Mia – March 5, 2018

When I was a kid, my dad would entertain me with stories of his childhood in Racine, Wisconsin. The town has one of the largest Danish-American populations in the U.S., and he would tell me about Mrs. Jensen, his first grade teacher; Dr. Rasmussen, the family physician; Rev. Larsen, pastor of the Lutheran church he attended with his family; and Mayor Olsen, who held office from 1973 to 1987.

“Do you notice a pattern, Mia?” he would ask, and I would laugh at all those names ending in SEN, just as our name—Christensen—did. But my dad’s collection of Danish surnames didn’t end in Racine. After college he moved to Chicago where, within six weeks of his arrival, he met and (and later married) my mom, Kirsten Hansen, whose great-grandmother was a founder of The Danish Home.

So, when I tell you how much my Danish heritage means to me, you know why.

Danish surnames were patronymics, based on the father’s name, and changed from generation to generation.

My older son, Jake, brought all of those SENS to mind again when he came home from school last week with a family history assignment. At first, he was a little disappointed that our background doesn’t include a more exotic mix of foreign relations. The family of my husband, John Hagen, hails from Norway, which strikes Jake as just more of the Scandinavian same. But when I suggested he investigate the history behind Denmark’s ubiquitous SEN surnames, he decided to take a look.

Ship manifests listed “alien passengers” to the United States, as Danes and several other European immigrants came to the new world.

Soon he was sharing his discoveries. The SEN and SON surnames that are so common in Scandinavian countries started out as patronymics, meaning they were based on the father’s name and changed from generation to generation. “Under those rules, I would be Jacob Johnsen, and my son’s last name would be Jacobsen, like Farfar,” Jake explained, referring to our elderly friend at The Danish Home. He turned to his little sister. “But you, Astrid, would be called Johnsdatter, because you’re a girl.”

Such a system quickly got confusing in a country where only 20 to 25 Christian names were in common use and where it was impossible to accurately discern familial connections by surname. In 1826, the Danish government abolished patronymics in favor of fixed family surnames, but many families continued using the father’s name as his children’s surname. It wasn’t until 1856 that Danish law “froze” family names, but the practice didn’t become entrenched until 1900. Four years later, another law was passed requiring Danes to use family surnames and establishing guidelines for choosing them.

Jake and I had fun perusing a list of the 50 most common Danish surnames and the number of Danes who share them. There was my mom’s maiden name, Hansen, in third place with 216, 000 Danish namesakes. My family name, Christensen, came in sixth, with 119,100 namesakes, and Farfar’s Jacobsen, shared by 24,400 Danes, was in 23rd place. The most common name in Denmark, Jensen, is shared by 258,203 Danes, including my dad’s first grade teacher and the famous Danish silversmith, Georg Jensen, pictured at the top of this post.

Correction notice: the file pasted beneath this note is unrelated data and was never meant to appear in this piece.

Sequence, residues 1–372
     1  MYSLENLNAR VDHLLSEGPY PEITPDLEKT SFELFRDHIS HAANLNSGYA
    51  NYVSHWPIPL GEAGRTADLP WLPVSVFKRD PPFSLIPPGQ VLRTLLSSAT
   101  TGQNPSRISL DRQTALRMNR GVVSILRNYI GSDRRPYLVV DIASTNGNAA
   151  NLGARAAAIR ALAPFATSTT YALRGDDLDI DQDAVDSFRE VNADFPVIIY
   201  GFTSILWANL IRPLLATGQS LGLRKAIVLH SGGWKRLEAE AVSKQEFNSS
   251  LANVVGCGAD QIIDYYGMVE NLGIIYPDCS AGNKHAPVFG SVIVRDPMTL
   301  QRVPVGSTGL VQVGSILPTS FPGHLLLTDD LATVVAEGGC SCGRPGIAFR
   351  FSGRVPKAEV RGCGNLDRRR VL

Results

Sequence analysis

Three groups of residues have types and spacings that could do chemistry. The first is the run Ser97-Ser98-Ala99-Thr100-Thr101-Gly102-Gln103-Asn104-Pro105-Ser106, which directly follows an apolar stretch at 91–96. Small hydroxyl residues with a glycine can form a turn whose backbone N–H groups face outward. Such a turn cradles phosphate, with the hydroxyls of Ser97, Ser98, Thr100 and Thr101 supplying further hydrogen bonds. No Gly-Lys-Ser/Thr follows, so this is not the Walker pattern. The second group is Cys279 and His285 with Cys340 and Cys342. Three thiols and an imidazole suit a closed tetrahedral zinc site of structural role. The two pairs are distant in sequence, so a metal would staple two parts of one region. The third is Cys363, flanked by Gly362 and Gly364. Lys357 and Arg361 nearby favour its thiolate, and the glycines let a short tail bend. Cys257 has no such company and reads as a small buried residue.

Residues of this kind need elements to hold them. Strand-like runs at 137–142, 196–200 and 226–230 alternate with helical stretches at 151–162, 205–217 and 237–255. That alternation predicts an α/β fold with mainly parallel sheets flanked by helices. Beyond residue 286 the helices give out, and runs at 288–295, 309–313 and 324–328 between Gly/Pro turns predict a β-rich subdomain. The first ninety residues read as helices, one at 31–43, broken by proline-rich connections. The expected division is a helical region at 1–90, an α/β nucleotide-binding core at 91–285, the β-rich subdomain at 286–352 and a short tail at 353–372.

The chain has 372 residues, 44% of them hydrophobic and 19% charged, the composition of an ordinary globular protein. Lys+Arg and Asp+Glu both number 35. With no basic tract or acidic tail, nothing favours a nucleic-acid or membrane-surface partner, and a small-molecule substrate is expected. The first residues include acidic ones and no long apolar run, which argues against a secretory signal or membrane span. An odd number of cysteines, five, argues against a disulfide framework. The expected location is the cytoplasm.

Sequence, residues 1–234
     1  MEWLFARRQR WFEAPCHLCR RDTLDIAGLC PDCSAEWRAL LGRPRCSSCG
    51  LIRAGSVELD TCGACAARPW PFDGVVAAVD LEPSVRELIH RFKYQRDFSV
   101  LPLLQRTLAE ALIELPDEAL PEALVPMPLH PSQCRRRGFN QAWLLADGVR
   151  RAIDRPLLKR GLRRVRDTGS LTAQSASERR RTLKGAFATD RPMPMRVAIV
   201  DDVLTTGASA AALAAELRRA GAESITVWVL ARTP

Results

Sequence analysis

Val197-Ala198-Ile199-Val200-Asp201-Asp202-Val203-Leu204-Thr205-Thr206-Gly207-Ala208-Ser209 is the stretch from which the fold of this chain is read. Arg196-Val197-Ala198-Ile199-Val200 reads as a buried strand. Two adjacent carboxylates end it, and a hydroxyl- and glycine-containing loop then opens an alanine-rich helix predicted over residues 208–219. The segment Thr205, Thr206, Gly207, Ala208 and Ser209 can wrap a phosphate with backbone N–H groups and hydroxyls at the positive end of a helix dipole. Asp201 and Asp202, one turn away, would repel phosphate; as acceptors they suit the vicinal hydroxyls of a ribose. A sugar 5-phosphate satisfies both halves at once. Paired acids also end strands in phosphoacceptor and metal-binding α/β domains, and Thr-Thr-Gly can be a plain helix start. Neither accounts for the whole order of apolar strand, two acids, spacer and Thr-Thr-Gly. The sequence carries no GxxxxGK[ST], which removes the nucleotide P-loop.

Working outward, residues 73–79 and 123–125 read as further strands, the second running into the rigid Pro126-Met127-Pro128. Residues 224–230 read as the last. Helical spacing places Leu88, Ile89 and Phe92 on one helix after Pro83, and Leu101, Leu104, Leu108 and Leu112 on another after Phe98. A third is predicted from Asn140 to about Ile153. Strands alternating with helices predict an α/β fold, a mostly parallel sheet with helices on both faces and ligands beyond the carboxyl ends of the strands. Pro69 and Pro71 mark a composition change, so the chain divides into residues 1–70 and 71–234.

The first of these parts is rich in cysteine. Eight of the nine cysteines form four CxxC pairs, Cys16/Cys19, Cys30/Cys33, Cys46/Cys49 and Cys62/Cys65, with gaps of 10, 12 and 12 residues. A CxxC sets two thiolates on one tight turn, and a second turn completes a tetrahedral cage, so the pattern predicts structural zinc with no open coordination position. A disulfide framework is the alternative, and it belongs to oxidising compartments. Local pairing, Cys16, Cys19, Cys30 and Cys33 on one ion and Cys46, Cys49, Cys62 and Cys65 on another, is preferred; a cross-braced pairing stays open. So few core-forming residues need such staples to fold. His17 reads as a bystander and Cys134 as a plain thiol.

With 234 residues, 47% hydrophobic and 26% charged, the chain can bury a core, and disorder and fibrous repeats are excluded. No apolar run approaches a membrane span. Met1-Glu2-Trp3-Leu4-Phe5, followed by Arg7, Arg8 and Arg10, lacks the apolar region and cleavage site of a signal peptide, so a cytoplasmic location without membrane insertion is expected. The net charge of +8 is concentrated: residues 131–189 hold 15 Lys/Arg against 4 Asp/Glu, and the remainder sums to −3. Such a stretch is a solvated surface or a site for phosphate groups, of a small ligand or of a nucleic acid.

Inspired by his newfound knowledge, Jake suggested we pay a visit to The Danish Home to tell Farfar how he ranks in the Danish surname sweepstakes. As always, Farfar responded with good humor and shared some of his family history, including the fact that his surname dates back to his great-grandfather, Jacob Sorensen.

While we were there, we noted that many residents of The Danish Home also bear the SEN and SON names of their hereditary homeland. Indeed, being a native-born Dane or of Danish extraction was once (but is no longer) a requirement for residents, who had to prove their Danish lineage back through at least three generations. Not surprisingly, Scandinavian first names also are well-represented at The Danish Home.

One of the fun facts Jake discovered during his research was that Denmark also regulates first names. Parents are allowed to choose from 7,000 approved names—and you won’t find Sailor, Chicago or Briar Rose anywhere on the list.

On the way home, Jake asked if his first name is Danish. I told him it is common in Denmark, Norway and the U.S., as his father and I intended.

“It was a difficult decision,” I told him. “The other choices were Rasmus, Jesper and Ole. Would you have preferred one of those?”

A glance in the rearview mirror confirmed that John and I had made the right decision in naming our Danish-Norwegian-American son.